L: Did you get fired or did you quit?

M: No, no, no, they love me there. Three people got fired last week but I quit. Because when you’re there you’re family.

L: Yeah that’s what I thought before I got fired from Barry’s.

M: I guess that’s what we all think. But they don’t fire girls, only guys, one guy got fired for swearing, another called his table “ghetto,” and the third got fired for asking his table why they didn’t tip him.

L: They fired him for that?

M: You are not allowed to do that, which is too bad ’cause a lot of bad tippers eat there. Those are also the people who ask for to-go boxes and stuff a mutilated piece of lasagna, a half-eaten, cold, soggy breadstick, and the few shreds of salad into it.

L: I went to The Olive Garden.

M: Is that what you did there?

L: Well, I’m gonna tell you what happened. First I ordered the Chicken Con Broccoli.

M: Yeah, that’s good.

L: It’s exactly like the Parmesan Crusted Chicken so that’s kinda a rip.

M: Except that the Chicken Con Broccoli isn’t crusted, I don’t know if “crusted” is a word but neither is Hospitaliano, and that’s what it says on our name tags, people think it’s our name.

L: I finished most of my meal, but I got a to-go box and the waitress put my half-eaten, cold, soggy breadstick in the box.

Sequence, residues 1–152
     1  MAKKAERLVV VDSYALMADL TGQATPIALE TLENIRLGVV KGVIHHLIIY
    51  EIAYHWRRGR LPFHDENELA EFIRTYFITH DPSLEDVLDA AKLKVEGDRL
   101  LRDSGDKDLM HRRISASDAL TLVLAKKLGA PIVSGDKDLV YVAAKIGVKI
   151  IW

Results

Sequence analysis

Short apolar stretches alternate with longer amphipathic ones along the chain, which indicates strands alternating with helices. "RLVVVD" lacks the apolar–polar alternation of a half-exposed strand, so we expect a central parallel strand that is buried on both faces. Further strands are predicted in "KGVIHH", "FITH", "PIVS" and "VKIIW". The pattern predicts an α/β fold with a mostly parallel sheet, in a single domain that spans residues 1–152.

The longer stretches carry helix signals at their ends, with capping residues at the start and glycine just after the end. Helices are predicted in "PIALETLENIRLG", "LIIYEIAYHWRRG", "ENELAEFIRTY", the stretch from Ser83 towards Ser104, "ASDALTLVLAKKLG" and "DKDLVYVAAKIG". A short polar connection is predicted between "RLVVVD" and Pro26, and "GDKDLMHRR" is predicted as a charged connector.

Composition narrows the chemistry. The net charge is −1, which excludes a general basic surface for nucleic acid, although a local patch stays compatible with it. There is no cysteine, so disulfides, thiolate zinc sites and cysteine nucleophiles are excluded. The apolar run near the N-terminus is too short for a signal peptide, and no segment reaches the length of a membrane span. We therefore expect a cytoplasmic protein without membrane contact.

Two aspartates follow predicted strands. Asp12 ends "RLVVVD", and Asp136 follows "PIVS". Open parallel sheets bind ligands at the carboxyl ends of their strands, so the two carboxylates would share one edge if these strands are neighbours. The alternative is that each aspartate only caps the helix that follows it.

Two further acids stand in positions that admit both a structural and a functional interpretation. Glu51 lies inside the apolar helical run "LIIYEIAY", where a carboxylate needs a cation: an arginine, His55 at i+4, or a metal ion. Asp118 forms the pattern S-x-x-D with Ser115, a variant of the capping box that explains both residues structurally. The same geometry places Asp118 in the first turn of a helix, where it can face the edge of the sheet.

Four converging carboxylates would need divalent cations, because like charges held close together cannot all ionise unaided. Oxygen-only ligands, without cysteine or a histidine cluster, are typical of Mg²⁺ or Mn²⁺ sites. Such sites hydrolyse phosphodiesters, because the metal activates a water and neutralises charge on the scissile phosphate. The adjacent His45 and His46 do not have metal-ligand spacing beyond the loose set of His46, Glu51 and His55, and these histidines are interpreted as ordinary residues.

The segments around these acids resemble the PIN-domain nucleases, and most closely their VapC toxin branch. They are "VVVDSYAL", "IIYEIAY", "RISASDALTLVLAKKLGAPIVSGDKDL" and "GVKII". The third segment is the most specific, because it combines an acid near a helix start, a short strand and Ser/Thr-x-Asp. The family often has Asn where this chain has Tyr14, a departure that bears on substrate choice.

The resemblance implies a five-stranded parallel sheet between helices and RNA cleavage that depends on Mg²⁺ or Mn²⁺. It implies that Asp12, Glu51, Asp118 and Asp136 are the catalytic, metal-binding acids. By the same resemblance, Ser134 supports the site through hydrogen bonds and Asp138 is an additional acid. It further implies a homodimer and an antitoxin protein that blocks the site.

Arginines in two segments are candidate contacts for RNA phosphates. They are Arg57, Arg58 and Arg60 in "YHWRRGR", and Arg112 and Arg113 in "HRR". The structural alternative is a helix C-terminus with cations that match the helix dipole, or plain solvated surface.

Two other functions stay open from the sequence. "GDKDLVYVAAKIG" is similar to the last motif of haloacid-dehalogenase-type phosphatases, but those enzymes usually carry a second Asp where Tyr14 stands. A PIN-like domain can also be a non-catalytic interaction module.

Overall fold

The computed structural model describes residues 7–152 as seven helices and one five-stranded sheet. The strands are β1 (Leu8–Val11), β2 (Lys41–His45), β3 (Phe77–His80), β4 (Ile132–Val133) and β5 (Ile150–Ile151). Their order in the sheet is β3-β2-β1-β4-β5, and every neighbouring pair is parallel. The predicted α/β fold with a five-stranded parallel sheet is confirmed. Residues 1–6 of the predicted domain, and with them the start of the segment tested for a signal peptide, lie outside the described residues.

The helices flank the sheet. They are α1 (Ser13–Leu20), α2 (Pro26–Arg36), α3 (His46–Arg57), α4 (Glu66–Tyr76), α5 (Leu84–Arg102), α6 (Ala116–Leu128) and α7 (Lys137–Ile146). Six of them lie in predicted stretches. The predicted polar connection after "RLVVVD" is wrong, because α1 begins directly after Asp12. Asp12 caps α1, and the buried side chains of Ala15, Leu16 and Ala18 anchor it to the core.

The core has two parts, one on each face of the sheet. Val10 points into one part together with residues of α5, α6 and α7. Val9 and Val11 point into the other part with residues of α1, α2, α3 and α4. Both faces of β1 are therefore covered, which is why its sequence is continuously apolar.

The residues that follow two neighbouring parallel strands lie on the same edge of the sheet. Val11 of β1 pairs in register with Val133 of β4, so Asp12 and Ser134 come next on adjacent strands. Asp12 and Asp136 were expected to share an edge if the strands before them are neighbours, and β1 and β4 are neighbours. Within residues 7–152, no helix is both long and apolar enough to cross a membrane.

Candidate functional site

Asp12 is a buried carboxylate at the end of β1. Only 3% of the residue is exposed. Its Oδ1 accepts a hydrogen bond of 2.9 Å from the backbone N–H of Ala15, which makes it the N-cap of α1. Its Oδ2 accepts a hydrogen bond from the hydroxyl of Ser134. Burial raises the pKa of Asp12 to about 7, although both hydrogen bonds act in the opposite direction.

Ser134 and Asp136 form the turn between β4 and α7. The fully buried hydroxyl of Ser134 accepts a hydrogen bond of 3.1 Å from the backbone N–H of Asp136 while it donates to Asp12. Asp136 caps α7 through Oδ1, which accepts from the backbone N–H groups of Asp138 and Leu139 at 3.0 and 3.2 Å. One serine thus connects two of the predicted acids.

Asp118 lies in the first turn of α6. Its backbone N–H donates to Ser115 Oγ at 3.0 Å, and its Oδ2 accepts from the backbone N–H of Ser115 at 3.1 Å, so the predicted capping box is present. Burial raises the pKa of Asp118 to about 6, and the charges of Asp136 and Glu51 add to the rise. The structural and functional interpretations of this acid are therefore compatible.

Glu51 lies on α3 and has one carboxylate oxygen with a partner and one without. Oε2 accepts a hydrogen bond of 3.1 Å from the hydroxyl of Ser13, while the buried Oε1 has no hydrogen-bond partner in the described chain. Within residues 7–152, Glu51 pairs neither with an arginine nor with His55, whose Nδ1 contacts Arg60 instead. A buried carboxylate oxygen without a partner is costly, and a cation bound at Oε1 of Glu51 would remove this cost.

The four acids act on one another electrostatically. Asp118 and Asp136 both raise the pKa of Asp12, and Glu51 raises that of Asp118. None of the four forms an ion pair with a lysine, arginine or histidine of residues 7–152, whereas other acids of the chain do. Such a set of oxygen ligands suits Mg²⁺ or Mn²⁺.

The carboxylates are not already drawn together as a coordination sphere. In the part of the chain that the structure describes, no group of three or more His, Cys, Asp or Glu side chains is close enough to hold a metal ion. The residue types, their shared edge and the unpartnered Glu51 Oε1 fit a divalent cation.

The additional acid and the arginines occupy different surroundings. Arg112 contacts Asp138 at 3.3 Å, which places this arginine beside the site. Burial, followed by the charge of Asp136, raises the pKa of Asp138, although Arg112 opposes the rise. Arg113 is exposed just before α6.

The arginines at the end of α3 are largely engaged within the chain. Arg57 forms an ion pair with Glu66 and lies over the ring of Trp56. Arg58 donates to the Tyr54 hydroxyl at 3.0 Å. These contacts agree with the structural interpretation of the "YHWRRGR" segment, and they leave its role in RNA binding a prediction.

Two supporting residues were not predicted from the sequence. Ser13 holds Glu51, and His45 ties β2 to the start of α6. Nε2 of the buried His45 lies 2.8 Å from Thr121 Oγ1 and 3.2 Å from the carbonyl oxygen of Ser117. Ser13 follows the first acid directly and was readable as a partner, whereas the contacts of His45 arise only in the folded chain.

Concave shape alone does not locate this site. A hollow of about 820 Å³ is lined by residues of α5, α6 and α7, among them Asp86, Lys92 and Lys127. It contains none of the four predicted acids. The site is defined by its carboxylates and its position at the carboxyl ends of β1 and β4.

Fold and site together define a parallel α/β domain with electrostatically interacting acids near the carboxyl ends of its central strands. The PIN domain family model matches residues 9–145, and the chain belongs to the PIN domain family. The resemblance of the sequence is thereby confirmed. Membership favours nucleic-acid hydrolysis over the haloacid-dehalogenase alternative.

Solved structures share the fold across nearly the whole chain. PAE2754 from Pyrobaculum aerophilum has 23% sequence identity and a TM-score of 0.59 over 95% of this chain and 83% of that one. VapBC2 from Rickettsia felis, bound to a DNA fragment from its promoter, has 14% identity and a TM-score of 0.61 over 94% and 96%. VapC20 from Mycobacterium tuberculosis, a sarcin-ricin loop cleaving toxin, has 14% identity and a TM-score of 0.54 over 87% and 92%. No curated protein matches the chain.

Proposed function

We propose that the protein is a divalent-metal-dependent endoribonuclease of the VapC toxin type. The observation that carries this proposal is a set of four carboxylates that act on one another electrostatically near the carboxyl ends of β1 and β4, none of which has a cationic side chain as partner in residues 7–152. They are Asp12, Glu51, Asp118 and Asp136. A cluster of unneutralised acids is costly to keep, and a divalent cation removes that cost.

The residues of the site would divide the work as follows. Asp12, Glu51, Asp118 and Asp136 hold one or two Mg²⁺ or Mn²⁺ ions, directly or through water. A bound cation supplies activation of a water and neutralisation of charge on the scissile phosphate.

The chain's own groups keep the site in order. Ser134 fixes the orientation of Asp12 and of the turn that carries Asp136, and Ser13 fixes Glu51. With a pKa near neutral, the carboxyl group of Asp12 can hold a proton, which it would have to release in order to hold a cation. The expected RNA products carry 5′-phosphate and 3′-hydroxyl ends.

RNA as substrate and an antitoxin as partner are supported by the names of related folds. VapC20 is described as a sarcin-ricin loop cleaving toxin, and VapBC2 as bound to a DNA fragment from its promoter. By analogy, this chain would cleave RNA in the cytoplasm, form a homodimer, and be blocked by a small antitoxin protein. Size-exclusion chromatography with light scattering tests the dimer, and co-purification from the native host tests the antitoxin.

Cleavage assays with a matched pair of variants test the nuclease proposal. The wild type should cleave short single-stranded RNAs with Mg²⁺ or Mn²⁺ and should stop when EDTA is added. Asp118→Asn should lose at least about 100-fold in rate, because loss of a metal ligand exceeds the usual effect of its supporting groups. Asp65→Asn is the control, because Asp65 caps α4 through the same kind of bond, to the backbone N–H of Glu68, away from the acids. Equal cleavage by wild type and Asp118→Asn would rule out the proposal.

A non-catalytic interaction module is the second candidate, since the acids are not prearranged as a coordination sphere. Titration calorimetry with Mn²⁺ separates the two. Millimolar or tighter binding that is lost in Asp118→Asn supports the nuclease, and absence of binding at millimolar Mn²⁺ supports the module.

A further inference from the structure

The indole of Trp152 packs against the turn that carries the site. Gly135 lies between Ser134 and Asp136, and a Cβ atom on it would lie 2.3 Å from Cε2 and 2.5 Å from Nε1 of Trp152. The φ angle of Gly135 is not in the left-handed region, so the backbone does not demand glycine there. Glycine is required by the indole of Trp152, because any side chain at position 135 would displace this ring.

M: She probably thought that’s what you wanted.

L: Well I didn’t want it. What am I supposed to do with a half-eaten breadstick?

M: They probably don’t reheat well. Tell people that I don’t just work at that job, I’m also in summer school. There is more to me than all-you-can-eat salad.

L: Ummm…

M: One time this one cook got really mad at this other cook and threw pasta in her face, I think that’s a good idea.

L: The guy at the Meijer station wouldn’t sell me a lighter and I got really mad.

M: Did you throw pasta on his face?

L: No, I told him to fuck off.

M: You could get fired for that.

L: But I don’t have a job.

M: You could get alcohol if you lived in New York because it’s anarchy.

L: How would you compare the nightlife?

M: New York is approximately 150 times better. In Ann Arbor there’s nowhere to go except somebody’s house and they make drinks a lot better at a bar. Like at frat parties normally all they have is beer called Shwanks or something and it tastes really bad.

L: Do you realize that I’ve only asked you like two interview questions and I’ve filled up around two pages? Oh, I have a job interview tomorrow.